Emphasis on Customer Service Has Enabled Chinese eCommerce to Dwarf the US

Emphasis on Customer Service Has Enabled Chinese eCommerce to Dwarf the US

When ecommerce researchers are looking for trends that point to the future of their industry, they look to China.

China emerged as the world’s ecommerce leader in 2015 when Chinese consumers spent more than $600 billion online. Every year China’s biggest shopping holiday, Singles Day, generates four times more revenue than Black Friday and Cyber Monday combined. Individual spending continues to grow in China, and is expected to eclipse that of individual U.S. consumers by the year 2030, according to Eric Chia, a senior adviser specializing in Chinese markets and consumer behaviors at multinational accounting firm Ernst & Young.

But it’s not just the numbers that are turning analysts’ heads: China has deployed, and adopted, technologies that remain mostly futuristic ideals in the US.  Customers test new products using “magic mirrors” and virtual reality. Same day delivery? Forget that. Aleksandr Galkin, CEO at pricing prediction firm Competera, recalls enjoying same-hour deliveries brought to him via scooter regardless of his location.

And China is becoming a cashless society far faster than the US. E-wallets account for 58% of mobile purchases in China, compared to America’s 15% penetration rate.

“Sometimes you need a mobile phone just to make a purchase” in China, said David Wright, a researcher who specializes in messaging apps for Kantar’s global consulting operations. “Facebook must be going over there and thinking, wow. You can see what people would like to do here, there.”

Is there a secret to China’s ecommerce success? Galkin and others suspect cultural differences deserve much of the credit. But that doesn’t mean U.S. businesses don’t stand to learn from their Chinese counterparts—a little adjustment in attitude, Galkin said, could go a long way toward modernizing American retail.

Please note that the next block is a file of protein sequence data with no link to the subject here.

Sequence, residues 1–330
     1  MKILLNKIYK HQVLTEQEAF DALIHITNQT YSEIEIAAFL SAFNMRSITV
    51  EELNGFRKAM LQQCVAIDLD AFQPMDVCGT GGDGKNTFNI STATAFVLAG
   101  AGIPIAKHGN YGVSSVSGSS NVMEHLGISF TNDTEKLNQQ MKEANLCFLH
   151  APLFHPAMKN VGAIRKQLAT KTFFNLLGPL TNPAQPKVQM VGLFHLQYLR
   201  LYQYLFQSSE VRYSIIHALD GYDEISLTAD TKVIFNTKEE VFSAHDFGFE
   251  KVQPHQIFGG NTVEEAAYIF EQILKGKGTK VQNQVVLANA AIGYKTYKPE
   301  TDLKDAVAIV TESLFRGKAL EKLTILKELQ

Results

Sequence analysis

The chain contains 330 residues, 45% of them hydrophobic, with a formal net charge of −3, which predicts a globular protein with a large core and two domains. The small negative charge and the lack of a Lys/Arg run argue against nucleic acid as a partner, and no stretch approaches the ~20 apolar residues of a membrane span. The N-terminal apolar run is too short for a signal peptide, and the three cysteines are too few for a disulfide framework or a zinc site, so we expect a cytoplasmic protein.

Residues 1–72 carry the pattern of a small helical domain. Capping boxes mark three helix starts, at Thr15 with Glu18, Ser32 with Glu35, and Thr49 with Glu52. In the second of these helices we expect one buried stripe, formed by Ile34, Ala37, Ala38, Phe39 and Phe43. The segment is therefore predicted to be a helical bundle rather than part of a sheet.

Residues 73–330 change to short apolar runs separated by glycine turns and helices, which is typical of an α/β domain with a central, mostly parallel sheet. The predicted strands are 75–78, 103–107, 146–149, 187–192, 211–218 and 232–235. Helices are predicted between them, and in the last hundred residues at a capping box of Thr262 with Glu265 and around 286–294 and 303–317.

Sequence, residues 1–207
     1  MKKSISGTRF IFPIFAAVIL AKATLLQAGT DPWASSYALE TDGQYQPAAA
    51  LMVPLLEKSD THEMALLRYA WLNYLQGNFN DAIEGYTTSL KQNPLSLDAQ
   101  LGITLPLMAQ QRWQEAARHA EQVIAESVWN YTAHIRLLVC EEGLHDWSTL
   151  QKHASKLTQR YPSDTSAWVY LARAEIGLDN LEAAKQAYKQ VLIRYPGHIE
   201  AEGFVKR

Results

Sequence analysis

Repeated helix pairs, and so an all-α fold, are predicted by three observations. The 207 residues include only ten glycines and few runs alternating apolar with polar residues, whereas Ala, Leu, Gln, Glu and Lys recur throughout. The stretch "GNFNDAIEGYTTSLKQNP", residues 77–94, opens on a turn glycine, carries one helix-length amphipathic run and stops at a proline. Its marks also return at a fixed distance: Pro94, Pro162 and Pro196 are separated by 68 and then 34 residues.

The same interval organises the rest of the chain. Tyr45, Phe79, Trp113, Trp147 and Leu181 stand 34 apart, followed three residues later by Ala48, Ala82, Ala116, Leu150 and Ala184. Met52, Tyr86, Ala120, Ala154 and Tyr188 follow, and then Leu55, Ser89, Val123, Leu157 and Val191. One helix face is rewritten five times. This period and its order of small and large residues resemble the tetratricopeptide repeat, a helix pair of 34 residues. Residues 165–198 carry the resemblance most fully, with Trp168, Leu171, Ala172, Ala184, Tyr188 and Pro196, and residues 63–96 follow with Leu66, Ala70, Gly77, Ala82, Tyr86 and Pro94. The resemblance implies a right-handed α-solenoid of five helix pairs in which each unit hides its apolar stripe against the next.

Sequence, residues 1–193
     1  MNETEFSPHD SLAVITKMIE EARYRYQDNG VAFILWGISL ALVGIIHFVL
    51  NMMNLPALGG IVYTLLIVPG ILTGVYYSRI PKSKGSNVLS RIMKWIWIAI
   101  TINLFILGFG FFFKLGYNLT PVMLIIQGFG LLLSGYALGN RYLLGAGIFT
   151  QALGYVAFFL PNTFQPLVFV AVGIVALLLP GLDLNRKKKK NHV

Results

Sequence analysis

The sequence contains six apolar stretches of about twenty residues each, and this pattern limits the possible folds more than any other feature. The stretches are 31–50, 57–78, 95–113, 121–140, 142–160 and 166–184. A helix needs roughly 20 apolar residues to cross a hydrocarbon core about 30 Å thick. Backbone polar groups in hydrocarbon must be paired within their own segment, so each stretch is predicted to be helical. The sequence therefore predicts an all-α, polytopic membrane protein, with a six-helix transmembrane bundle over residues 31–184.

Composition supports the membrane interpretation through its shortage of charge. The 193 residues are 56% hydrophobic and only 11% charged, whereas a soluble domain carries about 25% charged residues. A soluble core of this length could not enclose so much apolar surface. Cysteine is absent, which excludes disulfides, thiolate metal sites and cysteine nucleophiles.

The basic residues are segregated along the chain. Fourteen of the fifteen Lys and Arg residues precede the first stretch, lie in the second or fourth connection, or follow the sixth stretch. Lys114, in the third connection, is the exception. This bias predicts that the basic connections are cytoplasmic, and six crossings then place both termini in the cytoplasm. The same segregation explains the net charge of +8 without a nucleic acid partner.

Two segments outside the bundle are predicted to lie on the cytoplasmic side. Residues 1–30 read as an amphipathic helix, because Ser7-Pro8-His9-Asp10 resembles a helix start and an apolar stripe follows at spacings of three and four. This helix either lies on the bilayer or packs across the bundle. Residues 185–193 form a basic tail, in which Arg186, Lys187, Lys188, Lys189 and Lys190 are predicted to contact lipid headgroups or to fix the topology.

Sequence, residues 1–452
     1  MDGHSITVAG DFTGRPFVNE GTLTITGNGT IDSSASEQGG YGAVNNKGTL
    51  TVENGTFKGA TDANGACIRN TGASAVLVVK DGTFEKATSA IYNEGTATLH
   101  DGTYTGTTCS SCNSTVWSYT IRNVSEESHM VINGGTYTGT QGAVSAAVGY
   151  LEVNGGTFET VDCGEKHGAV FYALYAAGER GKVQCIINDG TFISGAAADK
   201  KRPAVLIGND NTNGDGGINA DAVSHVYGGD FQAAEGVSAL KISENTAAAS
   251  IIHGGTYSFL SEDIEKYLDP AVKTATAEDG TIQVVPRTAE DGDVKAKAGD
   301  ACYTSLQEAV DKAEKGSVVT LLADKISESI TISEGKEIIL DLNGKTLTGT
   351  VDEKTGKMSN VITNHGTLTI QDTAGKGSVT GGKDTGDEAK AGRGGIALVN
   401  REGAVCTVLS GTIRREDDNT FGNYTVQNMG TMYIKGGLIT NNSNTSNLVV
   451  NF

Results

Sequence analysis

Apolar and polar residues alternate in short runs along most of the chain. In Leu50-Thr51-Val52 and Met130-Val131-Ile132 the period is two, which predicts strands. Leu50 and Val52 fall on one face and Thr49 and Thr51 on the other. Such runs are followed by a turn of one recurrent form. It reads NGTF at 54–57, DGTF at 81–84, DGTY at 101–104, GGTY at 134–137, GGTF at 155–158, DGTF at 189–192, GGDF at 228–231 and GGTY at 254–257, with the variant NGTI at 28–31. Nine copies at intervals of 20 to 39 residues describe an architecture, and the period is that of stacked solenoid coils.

“It’s a problem of mindset,” he said. “United States retailers are like, ‘we know better than anyone in the world,’ but it’s not true. They need to change the mindset and be more open to innovations.”

China had a natural advantage, Galkin said, because when it entered the digital era, its businesses were still relatively unsophisticated in their adoption of technology. While that seemed like a disadvantage at the time, Chinese businesses were unencumbered by contracts and the expectations of days gone by, allowing them to innovate with greater ease and leave the U.S. 20-30 years behind.

Chinese businesses also retained a customer-first approach to sales and service, while U.S. firms often seem more interested in impressing investors and shareholders. “The idea that they’re building a huge platform can keep a company going” in the U.S., Galkin said, but that “doesn’t work well for consumers. Asia doesn’t care about capitalization. They care about real money.”

Galkin acknowledges that there are some aspects of Chinese ecommerce culture that would be difficult to replicate in the US. A large portion of China’s online purchases, he said, take place in messaging apps. Although consumers world-wide have begun transitioning from browsers to social media, China has a head start thanks to the lack of access to sites such as Google, and the dominance of a single messaging platform: WeChat.

Wright said that’s the first thing he noticed when he visited China this past April: “There are WeChat and Alibaba stickers on every business there….  In China, you do everything on WeChat. You get insurance on WeChat. You book a flight on WeChat. In China, Airbnb would just be on WeChat.”

The fact that almost every business—and nearly every resident—has a presence on WeChat has given conversational commerce a boost in China, Wright said, because businesses have to master fewer platforms to reach customers.

WeChat also gives businesses more control over their presence on the platform, and users are more generous in offering the data for public use, Wright said. By contrast, social media in the U.S. such as Facebook tend to be more controlling of how businesses use their platforms, and users are more suspicious of requests for their data. It’s much easier to, say, dispatch a scooter to a customer’s location when said customer can be located immediately via their user data and facial recognition.

But there are lessons that can be applied in the US, particularly regarding a more personalized approach to marketing. Because social media channels are inherently personal, communication on these platforms “needs to feel a lot more personal, and you need to make more personality come through,” Wright said.

Galkin agreed. Perhaps the chief reason for China’s success is that it skipped the mass communications era and maintained a one-to-one approach to customer service.

“In Asia, trust is the first thing you need to build” when starting a business,” Galkin said. “It’s like in the DNA for any Chinese entrepreneur.”

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